6. I like the addition of the hurricanium with great bows. It seems to me that if your going to take bows, you need the hurricanium for the +hit. I think having a decent artillery base synergies well with that many drayds (since they are notoriously difficult to shift). I’d also agree that the goblet of draining is a better pick than the gryph feather charm, because your bows will discourage anybody from getting too close, and you have your 10 x drayd units to screen for CC. I know it seems odd to say (because I agree the Archie will be a staple of Sylvaneth lists from now on), but I’m not sure you need him in this list. Extra attacks on drayds are so-so, since they are 4+/4+ no rend (+1 on your turn vs one enemy unit). On a unit of 30, you probably won’t have all of them in range if you’re fighting in a WW (you should be fighting in a WW) so if they’re fighting in 2 ranks you’ll likely only be getting 12-18 extra attacks from the CP, that only translates to an extra 3-4 wounds with no rend. For every point of armor, that drops about a wound off that total. If you drop that Archie, you can take a TLA in your second list. I think he’ll synergize better, since envoys of the everyqueen will let you RR a bunch of saves on your drayds if you position them right. I don’t think this is the right list for Alarielle, since bow hunters will be out of combat (hopefully) and wont need Alarielle’s healing, and drayds are only 1 wound apeice. TLA gives you stomp, an extra spell that can rouse the wood twice (the effect of the spell, and then on a 5+ the wood attacks as well). That still leaves you 40 points if you want to take an endless spell. Souls are shackles might be fun, since the longer it takes the enemy to close the gap, the more chances you have to shoot.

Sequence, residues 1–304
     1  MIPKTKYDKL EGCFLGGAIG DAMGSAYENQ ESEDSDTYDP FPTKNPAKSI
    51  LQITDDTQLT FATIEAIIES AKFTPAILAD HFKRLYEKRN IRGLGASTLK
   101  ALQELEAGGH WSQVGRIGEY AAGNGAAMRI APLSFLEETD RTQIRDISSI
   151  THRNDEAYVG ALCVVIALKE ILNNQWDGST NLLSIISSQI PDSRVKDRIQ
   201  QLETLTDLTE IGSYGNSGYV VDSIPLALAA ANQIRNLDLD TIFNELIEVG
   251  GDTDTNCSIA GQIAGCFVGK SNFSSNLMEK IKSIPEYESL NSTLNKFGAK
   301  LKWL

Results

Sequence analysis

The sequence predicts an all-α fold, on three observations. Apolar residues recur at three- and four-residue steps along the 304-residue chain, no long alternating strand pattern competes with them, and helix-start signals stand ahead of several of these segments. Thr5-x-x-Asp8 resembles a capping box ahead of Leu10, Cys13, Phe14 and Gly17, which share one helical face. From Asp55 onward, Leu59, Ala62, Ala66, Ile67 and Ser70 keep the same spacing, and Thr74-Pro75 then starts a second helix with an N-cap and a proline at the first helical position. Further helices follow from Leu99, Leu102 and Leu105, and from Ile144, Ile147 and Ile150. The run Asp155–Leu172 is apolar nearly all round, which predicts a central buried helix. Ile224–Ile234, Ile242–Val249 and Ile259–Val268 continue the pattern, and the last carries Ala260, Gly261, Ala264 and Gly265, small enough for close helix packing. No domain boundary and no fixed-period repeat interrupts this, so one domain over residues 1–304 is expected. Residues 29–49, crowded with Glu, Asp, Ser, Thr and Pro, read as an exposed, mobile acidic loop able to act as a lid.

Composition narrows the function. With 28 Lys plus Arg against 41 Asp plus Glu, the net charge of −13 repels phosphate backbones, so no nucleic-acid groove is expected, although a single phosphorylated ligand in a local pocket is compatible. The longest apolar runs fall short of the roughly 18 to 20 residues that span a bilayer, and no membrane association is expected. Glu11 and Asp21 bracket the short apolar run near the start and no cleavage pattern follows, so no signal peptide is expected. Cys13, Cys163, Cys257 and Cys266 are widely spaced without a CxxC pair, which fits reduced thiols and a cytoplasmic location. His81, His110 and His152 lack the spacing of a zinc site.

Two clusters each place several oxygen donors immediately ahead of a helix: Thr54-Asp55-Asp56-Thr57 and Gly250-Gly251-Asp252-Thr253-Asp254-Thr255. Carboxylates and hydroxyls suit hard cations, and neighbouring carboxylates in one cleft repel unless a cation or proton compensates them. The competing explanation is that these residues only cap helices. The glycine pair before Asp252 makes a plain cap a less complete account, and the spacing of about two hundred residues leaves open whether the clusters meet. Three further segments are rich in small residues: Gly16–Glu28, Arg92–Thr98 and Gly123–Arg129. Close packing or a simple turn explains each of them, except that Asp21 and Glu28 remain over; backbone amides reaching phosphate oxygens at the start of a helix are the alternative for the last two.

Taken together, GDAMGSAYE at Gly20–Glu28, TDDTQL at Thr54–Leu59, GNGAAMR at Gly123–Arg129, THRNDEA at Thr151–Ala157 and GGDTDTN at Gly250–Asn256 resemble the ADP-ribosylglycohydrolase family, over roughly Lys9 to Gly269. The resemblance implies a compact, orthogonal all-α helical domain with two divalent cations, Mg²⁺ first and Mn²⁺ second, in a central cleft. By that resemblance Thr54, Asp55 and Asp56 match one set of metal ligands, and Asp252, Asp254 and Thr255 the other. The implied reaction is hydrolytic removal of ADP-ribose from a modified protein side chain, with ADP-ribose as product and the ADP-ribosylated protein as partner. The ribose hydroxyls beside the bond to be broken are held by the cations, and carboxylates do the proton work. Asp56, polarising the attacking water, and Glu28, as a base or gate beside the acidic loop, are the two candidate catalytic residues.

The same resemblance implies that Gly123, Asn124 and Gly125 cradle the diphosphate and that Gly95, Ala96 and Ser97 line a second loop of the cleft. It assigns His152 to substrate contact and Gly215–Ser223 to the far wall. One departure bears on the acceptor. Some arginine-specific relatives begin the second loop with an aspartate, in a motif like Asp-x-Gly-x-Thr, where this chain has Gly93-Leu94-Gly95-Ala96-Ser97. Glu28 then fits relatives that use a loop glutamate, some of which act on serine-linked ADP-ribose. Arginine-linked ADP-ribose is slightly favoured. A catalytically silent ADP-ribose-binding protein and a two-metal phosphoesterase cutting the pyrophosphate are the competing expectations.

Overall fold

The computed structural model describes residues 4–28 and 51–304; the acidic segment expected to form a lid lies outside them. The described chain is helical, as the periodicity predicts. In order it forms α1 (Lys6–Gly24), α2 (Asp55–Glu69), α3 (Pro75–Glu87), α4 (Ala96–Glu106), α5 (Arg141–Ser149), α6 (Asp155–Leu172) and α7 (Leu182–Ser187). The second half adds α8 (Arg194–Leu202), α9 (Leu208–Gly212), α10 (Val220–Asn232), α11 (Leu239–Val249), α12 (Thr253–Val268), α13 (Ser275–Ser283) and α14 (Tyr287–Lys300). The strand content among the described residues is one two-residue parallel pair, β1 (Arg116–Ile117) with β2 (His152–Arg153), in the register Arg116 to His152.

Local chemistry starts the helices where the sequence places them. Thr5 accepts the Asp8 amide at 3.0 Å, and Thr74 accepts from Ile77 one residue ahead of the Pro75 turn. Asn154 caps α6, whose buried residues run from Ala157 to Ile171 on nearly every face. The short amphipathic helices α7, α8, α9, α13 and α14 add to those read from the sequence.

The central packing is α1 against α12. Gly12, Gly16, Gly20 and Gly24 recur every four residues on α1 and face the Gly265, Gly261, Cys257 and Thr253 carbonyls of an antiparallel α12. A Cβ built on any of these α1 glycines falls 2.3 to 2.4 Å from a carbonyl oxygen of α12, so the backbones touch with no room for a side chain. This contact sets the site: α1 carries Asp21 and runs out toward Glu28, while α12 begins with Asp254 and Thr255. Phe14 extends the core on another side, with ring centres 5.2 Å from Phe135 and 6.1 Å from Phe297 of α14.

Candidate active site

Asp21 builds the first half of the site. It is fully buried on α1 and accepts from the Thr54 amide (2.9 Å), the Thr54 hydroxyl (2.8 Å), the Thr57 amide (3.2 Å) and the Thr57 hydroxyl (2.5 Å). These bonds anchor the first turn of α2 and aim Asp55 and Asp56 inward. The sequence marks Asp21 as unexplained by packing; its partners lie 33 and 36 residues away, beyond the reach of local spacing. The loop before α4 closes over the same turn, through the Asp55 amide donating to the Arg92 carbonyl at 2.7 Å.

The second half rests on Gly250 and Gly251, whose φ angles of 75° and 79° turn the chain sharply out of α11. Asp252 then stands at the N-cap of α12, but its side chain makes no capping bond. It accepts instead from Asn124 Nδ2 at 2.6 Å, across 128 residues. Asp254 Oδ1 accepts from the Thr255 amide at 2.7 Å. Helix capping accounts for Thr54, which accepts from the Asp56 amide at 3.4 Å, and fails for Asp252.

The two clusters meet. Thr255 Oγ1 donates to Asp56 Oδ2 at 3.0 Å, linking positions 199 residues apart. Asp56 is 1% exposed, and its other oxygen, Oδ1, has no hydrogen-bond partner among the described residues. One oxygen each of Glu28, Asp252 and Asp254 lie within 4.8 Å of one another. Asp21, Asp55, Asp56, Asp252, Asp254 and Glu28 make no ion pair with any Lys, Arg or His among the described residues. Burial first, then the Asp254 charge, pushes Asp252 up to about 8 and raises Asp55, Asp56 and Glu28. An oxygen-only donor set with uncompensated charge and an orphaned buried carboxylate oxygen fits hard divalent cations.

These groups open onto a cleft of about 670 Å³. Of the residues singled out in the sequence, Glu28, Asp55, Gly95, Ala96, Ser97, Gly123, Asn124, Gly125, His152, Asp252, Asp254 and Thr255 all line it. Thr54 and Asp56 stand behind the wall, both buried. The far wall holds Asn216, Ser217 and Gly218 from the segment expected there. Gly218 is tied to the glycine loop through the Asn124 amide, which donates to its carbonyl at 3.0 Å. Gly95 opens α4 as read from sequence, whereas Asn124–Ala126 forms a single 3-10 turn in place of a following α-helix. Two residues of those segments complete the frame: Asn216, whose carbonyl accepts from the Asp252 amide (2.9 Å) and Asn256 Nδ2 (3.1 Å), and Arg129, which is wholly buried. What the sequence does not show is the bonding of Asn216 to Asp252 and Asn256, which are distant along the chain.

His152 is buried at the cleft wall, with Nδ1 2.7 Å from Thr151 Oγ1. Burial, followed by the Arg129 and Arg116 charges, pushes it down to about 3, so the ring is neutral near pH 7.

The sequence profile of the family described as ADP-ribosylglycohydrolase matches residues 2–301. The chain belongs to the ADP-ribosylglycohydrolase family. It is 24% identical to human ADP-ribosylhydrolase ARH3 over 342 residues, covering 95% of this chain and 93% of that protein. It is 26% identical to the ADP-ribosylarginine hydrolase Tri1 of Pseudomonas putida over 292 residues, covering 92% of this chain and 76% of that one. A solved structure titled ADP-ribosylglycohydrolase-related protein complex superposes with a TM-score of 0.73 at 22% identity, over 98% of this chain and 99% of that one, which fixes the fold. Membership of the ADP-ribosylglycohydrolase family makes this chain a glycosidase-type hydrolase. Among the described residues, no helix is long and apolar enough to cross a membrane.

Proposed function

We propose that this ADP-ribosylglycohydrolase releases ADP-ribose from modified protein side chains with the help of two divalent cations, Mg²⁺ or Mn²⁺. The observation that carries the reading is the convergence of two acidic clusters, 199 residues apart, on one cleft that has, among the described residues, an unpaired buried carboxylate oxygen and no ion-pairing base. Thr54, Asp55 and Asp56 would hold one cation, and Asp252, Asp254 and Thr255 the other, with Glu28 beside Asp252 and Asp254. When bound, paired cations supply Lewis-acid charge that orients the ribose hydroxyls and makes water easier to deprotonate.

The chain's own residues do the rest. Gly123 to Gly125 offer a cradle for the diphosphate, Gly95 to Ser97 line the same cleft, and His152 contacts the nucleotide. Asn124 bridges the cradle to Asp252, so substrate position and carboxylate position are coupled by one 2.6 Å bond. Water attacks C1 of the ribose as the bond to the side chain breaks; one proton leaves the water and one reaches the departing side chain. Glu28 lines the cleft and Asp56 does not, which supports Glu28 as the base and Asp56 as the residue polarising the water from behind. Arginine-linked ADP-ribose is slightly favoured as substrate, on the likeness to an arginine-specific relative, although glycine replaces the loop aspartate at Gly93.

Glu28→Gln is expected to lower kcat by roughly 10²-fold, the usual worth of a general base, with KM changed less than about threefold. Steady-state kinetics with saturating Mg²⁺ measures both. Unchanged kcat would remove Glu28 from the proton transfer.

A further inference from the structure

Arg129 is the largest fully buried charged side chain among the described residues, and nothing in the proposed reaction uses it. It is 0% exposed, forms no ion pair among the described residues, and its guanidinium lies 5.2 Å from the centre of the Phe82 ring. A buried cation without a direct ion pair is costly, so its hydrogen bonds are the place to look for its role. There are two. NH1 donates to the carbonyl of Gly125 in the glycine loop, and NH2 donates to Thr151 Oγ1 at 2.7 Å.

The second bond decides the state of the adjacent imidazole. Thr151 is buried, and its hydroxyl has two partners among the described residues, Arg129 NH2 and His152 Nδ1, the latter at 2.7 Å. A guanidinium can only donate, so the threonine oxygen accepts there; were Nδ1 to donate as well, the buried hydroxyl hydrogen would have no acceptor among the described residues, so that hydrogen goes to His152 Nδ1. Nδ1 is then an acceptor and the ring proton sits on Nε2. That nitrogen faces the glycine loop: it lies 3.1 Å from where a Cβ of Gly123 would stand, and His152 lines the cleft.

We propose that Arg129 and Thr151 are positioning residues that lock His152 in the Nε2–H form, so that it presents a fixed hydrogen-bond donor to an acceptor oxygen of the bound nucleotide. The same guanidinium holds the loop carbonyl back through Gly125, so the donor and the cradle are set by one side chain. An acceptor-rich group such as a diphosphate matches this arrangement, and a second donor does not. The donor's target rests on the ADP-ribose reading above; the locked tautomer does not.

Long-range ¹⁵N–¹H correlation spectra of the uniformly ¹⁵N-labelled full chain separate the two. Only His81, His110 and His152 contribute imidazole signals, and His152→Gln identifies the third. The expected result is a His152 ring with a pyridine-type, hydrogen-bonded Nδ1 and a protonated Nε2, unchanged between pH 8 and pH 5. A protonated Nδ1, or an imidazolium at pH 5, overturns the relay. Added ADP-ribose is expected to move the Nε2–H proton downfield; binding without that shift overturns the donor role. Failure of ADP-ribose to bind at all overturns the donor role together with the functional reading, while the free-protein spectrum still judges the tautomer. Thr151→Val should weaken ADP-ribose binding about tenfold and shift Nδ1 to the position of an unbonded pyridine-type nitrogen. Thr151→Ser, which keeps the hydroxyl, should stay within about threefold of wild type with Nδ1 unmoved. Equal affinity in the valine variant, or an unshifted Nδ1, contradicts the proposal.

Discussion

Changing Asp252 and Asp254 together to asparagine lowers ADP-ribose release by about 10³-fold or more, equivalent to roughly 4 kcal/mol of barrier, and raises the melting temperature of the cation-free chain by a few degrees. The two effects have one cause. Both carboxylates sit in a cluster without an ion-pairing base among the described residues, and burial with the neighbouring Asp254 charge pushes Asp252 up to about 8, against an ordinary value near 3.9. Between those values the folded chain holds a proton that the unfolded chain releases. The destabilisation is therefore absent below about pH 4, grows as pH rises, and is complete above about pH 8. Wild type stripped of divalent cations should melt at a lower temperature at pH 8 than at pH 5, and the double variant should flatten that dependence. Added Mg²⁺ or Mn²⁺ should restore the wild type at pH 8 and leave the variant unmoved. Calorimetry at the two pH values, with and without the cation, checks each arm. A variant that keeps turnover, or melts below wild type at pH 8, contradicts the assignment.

7. Technically you’re right. Here’s how the math breaks down: 3 Sword Hunters raw damage output (MW accounted for): ~14 wounds Vs a 5+ save: ~12 wounds Vs a 4+ save: ~10 wounds Vs a 3+ save: ~ 8 wounds Vs a 2+ save: ~6 wounds 3 Scythe Hunters raw damage output: ~9 wounds Vs a 5+ save: ~9 wounds Vs a 4+ save: ~ 7 wounds Vs a 3+ save: ~ 6 wounds All things being equal, sword hunters are superior in combat at equal numbers. But, like I said above, scythe hunters are valuable because they can be run in groups of 6 allowing every hunter in the unit to get attacks in. So lets assume all 6 scythes can get in combat, and only 4 of the sword hunters can (which is being generous). 4 Sword Hunters raw damage output (MW accounted for): ~18 wounds Vs a 5+ save: ~15 wounds Vs a 4+ save: ~13 wounds Vs a 3+ save: ~ 10 woundsVs a 2+ save: ~8 wounds6 Scythe Hunters raw damage output: ~17 woundsVs a 5+ save: ~17 woundsVs a 4+ save: ~ 14 woundsVs a 3+ save: ~ 11 wounds As you can see the damage output is pretty similar (scythes edge out swords by ~2 wounds) if we’re being generous and saying 4 of six swords can get into combat. I’ve run hunters both ways in several games (before the sword buff) and I can tell you from experience that when fighting in tight spaces it’s a very real possibility that you can only get 2 swords in combat (fighting around WW trees is a ******). The much more likely scenario is that you’ll only be able to get 3 swords in. Swords Hunters 3 across can’t attack in a second rank, while scythes can. in that case here’s the damage comparison: 3 Sword Hunters raw damage output (MW accounted for): ~14 wounds Vs a 5+ save: ~12 wounds Vs a 4+ save: ~10 wounds Vs a 3+ save: ~ 8 woundsVs a 2+ save: ~6 wounds 6 Scythe Hunters raw damage output: ~17 woundsVs a 5+ save: ~17 woundsVs a 4+ save: ~ 14 woundsVs a 3+ save: ~ 11 wounds Even at a 5+ save, scythes blow sword hunters out because they can all attack. “But Mirage!” (I hear you say), “What if i fight out in open and manage to get all my sword hunters in combat?” To that I say, “why the hell would you fight out in open?” You should never, ever, ever, fight out in open unless you absolutely 100% honest-to-god have to. Half of this army’s finesse is knowing how to use map choke points and WW placement to prevent your units from getting swarmed. You can easily handle a group of 30 wytch elves provided you can limit the amount of space they can fight in; a unit of 30 isn’t nearly as scary if only 5-7 can attack. Opening your frontage so you can maximize your group of 6 sword hunters attacks might give you a 1 round advantage, but doing extends your front line from being 4.5 inches wide with scythes, to being 9 inches wide. A front line that long usually means you’ll be eating multiple charges next turn. A double charge from 2 units of 30 Wytch elves, sporting 4 attacks apiece means 2 units throwing out 120 attacks per unit, (possibly with RR’s depending on buffs/turn) at 3+/4+ rend -1. Since your swords aren't in cover anymore (you moved out to maximize your attacks remember?) You’re now RR’ing on only a 5+, vs 40 wounds after hit/wound (per unit of 30), which means even if you clear 1 unit of 30, you’ll lose about 1/2 your squad in the next turn from the other unit of 30. Not to mention that you no longer benefit from LoS blocking WW and can now get shot/magicked/ect ect as well as being mobbed by a bunch of blood-crazed (pretty) murder-elves. Alpha strike is another creature entirely, because your goal is to take out key support units/heroes/elite combat troops before they can do anything about it. The last thing you want to do in that case is maximize your frontage, because you’re likely to pull units into combat that you don’t want to fight. Dreadwood alpha-strike needs to be very focused so that you only fight the thing you want to kill, and ideally kill it before it can hit you back. It doesn’t do you any good if you can’t get all your swords into combat, or if you get too ambitious and take the units on the right and left of it by piling in with 3” of them unintentionally. So you ambush, form your scythes into a 3x3 bullet, and hit the thing that needs to die and only the thing that needs to die. Ideally you’ll have picked a target that’s not too close to anything that can hit you back. Sometimes it is a viable strategy to “tag” an adjacent unit by piling in 1 hunter within 3”, specifically so it ties the enemy down preventing it from moving and then charging you next turn. Moving a single hunter just within 3” means every model in the tagged must pile in toward that model. They cannot move and then charge to maximize their attacks which means you eat maybe 2-3 wounds instead of taking none and getting swarmed in their next turn. But even if you use this tactic, you don’t want to attack the unit you tagged, because if your opponent removed casualties from the front, he’s no longer in combat and can move and swarm you next turn. Scythes don’t have to worry about this, because with 2” reach the unit will expend all it’s attacks on the alpha strike target. That sword hunter however has to attack the tagged unit, per the core rules, a unit that is in combat must attack if it is able to; it can’t reach the alpha target (1” reach, blocked by his squad) means he has to attack the other unit, which means it’s almost pointless to use this tactic and you’ll get swarmed next turn no matter what you do. TL:DR Dont get me wrong, swords are a lot better than they used to be (even though I occasionally played them the old way) but they are best in 3’s. Scythes are best in a unit of 6-9.